Courtney has authored/edited five books, including Do It Anyway: The New Generation of Activists, and Perfect Girls, Starving Daughters: How the Quest for Perfection is Harming Young Women. Her work appears frequently in The New York Times and The Washington Post. Courtney has appeared on the TODAY Show, Good Morning America, MSNBC, and The O’Reilly Factor, and speaks widely at conferences and colleges. She is the recipient of the Elie Wiesel Prize in Ethics and a residency from the Rockefeller Foundation’s Bellagio Centre. She lives with her partner in life and work, John Cary, in Oakland, and their daughters Maya and Stella. Read more about her work at

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I needed this today. Thank you.

Love this post. Beautifully written and such truth. Here is my post from earlier this week.


What does this word Family mean to you?
It isn’t always blood.
It is often the people that you’ve gathered on your journey of life that not only “get” you, but they love and accept you in spite of your glaring faults.
They help you to learn to laugh at yourself and to accept yourself as they have accepted you.
These are the people that laugh with you, cry with you, hug you, and dance in the rain with you.
And sometimes your family includes some four-legged members too.
Bless my Family!!!

Best line ever"passionate friend crushes"...I recently had a birthday party of sorts for my 50th. It was really just a chance to thank & celebrate the awesome frinds I have. To let them know how greatful I am to have them in my life. I am sending them this story.Thank YOU.

Amen and thank you. Born into a tiny family, it took me too long to learn that - through no fault of their own - they simply could not be enough. Instead of raging against that or bewailing my fate, what a gift to realize there were so many other amazing, brilliant people to share the world with.

This is beautiful. One of my New Year's Resolutions, after moving to a new city, was to make the city my home, through cultivating new friendships. I had to work on the phrasing a little bit, though. It wasn't "make more friends" in quantity, and it wasn't "meet more people in tech." Instead, I got as far as "meet more like-minded people." Then I read your essay. What I'm looking for is to find and make my own New York family.

Thank you. I have been fortunate enough to really be blessed in my friendships. Most of mine, until my bestie, turned out to be friends for a short journey. My bestie is my family and I am grateful to my bones for her every single day. Miss Martin, thank you for reminding me how rich I truly am.
Love & Grace.

Fantastic post! Intentional friends is something I've been cultivating for years now, since I moved far away from most of my family. It's not easy sometimes, there's a feeling of lack of "roots"... but this article really spoke to me and inspired me to stay the course and embrace this journey of intentional, like minded folks around me.

Thank you for expressing a beautiful thought/action that means so much.

This is a very good article. There have been times in my life where chosen family has gotten me through.

Thanks for this beautiful article. The concept of chosen family is becoming more and more emergent as we are humans are evolving. As we make conscious choices and intentionally examine our character and family traits, we are often aghast and are attracted to like minded folks. These people end up being our "tribe", those we laugh and cry with, the ones who share our joys and sorrows and who witness our triumphs as well as weak moments. May this notion of chosen family (including our four legged creatures) progress and may tribe seen as the basis unit of society soon!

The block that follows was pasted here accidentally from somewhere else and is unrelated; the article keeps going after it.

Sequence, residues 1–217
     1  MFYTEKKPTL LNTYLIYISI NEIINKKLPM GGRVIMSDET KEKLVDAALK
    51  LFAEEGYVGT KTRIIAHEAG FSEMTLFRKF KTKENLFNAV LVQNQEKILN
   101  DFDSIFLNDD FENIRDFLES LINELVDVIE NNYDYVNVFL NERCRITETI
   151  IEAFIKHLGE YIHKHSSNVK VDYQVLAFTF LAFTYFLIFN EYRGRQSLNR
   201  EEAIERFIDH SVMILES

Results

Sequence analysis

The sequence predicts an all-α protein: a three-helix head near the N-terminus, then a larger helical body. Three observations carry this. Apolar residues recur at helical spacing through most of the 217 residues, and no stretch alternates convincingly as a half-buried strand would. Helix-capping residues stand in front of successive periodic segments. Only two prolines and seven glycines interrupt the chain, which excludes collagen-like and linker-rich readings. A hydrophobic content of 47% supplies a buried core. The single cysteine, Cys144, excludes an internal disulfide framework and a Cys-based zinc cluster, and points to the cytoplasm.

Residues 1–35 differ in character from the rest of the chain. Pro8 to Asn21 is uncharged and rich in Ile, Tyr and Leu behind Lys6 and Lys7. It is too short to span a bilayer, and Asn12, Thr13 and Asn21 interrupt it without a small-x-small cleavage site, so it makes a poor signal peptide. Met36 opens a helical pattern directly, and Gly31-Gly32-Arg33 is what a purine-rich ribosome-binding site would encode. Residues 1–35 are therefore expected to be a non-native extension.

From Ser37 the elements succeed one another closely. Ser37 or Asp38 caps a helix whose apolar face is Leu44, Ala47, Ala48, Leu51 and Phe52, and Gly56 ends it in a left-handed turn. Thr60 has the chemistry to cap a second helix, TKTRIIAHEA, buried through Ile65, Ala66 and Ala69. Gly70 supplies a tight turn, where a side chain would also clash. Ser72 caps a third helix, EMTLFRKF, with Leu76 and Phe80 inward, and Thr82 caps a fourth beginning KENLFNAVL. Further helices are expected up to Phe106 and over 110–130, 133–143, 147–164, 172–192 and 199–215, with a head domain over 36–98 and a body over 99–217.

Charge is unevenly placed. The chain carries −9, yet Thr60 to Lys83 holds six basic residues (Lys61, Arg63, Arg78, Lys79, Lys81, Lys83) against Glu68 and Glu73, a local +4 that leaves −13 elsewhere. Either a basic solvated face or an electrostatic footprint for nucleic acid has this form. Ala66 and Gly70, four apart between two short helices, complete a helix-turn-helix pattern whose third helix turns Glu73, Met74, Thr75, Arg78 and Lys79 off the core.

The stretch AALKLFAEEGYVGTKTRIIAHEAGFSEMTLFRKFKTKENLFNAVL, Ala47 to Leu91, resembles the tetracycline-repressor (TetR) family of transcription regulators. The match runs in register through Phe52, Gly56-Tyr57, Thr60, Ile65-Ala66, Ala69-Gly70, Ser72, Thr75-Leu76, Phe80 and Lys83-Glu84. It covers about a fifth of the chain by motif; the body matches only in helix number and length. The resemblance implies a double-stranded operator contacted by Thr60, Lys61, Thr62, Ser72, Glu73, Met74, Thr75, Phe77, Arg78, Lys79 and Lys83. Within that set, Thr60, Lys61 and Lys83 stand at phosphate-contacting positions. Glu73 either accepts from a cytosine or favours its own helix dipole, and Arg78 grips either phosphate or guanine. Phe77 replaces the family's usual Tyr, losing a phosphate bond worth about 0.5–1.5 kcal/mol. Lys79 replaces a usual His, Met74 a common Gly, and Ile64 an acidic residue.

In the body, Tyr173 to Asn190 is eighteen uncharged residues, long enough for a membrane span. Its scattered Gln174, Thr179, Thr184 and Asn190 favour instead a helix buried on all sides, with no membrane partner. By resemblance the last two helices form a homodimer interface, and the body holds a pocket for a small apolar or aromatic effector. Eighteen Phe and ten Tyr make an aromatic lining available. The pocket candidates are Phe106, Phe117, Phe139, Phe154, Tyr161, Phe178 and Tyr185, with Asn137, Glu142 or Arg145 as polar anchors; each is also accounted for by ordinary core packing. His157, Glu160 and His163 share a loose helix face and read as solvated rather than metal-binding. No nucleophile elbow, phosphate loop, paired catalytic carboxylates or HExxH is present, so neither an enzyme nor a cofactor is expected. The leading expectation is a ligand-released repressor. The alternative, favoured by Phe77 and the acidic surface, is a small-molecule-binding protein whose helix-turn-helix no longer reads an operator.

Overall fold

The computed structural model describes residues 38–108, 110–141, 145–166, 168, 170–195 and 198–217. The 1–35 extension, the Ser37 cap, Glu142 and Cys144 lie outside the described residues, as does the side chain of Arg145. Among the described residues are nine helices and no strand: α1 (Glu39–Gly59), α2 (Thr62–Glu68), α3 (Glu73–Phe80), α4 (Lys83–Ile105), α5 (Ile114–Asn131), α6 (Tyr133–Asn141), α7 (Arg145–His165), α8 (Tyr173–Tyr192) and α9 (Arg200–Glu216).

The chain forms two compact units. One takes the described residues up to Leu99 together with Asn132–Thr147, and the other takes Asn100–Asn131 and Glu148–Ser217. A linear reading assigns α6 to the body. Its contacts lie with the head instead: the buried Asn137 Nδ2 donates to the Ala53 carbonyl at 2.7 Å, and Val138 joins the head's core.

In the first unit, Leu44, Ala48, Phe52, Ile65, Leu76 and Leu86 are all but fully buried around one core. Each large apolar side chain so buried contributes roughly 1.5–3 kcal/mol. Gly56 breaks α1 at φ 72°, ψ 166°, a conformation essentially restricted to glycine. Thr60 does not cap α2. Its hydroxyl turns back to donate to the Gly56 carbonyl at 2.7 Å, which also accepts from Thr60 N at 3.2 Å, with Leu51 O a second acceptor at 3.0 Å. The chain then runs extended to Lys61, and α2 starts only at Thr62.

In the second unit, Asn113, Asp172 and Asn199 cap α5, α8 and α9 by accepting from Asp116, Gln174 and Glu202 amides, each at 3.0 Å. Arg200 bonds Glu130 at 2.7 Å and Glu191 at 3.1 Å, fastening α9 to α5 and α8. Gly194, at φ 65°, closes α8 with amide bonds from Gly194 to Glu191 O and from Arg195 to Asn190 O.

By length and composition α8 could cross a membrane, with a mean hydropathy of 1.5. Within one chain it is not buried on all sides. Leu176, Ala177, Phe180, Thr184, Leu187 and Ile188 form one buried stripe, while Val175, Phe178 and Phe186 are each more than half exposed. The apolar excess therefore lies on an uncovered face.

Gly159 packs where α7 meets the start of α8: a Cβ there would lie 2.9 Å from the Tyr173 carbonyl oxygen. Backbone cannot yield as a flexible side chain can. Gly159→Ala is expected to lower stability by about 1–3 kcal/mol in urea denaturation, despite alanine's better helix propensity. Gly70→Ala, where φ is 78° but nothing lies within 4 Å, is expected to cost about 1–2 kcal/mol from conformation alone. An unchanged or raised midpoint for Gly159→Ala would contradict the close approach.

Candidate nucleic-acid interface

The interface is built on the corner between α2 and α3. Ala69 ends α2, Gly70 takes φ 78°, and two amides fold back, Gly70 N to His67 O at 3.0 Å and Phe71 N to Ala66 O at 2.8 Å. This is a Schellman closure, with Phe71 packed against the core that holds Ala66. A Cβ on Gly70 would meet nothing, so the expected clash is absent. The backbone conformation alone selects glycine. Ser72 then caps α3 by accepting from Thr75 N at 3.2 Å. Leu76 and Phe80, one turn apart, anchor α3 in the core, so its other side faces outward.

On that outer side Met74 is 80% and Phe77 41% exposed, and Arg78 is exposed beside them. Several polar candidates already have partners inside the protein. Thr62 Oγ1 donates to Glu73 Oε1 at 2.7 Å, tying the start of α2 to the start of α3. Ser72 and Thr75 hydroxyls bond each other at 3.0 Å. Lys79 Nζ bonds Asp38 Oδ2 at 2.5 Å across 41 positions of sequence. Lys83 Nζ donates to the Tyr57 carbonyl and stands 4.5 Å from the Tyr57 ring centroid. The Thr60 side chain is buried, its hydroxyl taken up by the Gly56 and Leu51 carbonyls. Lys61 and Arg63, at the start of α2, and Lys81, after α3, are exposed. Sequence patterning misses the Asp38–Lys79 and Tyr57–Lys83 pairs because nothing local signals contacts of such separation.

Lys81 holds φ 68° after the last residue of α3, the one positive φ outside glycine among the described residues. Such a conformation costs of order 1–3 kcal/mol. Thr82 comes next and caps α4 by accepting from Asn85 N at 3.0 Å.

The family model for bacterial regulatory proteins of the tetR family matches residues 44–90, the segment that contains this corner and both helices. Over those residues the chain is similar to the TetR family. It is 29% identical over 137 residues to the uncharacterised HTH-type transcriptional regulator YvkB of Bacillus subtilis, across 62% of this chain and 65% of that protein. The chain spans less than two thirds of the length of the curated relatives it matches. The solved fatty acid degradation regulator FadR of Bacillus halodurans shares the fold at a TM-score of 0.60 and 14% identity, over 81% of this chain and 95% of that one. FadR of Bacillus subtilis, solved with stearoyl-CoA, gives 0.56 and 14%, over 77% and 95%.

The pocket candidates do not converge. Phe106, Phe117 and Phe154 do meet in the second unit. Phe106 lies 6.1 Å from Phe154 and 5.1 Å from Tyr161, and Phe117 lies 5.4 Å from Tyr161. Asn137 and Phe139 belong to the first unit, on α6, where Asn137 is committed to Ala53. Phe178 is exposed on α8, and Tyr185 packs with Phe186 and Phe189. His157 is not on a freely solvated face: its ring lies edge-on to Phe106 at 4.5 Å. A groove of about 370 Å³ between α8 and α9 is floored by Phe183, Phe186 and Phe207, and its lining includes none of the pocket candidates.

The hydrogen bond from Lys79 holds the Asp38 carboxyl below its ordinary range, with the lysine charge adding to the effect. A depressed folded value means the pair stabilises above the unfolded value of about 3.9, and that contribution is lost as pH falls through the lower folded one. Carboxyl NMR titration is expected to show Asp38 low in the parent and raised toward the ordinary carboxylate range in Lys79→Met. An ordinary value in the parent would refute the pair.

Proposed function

I loved this post and your reply completed my thoughts. Thanks!

In germany there is a real word for it: WAHLVERWANDTSCHAFTEN. I often tried to explain this to my many friends i consider my real family.

thanks for being my friend ( sometimes:)

If not for my chosen friends I life would be empty. I love you all

As one of those privileged to have taught you I can only say that this piece speaks to me in ways I never dreamed possible. Thank you.

Wonderful article - I just returned from a morning coffee with friends I've known only 3 years but feel very close and stimulated by them. This article made me realize how lucky I am to find these new friends - at this stage in my life. Thanks Courtney. You are a great writer.


may our chosen hold us
together may we create
sacred spaces
sacred times
to go beyond
as a Mandela
finding a Yes
in every circle
since the beginning
in the swirl.

Thank you, Julie. This reminds me of what a wonderful presence you were at church - always someone we could admire and share serious thoughts with. I'm very grateful for that. And, too, sometimes our friends can give us the affirmation and perspective on ourselves that family members can't always see. We remain locked forever in their minds as our eight year old personalities. It is good to grow up and have a few folks see you as an adult. Love to you, Claudia (and Carl)

What a wonderful reminder of the need to foster those relationships we choose to be part of, those people who love us unconditionally. My girlfriends are my tribe. I am blessed.

I think sometimes I forget that I have the power to invite people into my life or to shape how I spend my minutes. I want to have more time around people who light me up, make me think, or give me the sense of security to truly exhale. Thank you.

My good friend should read this!

you have no idea how much i needed to read this it definetly explains why i feel the way i feel about certain people in my life and also it explains that maybe i do take some of my friendships for granted but today is the day i tell my true friends how much they mean tome thank you for this article.

I bookmarked this piece last year and re-read it today. Gives me the lift I need to face the workday after some less than joyous family gatherings! Thank you Courtney!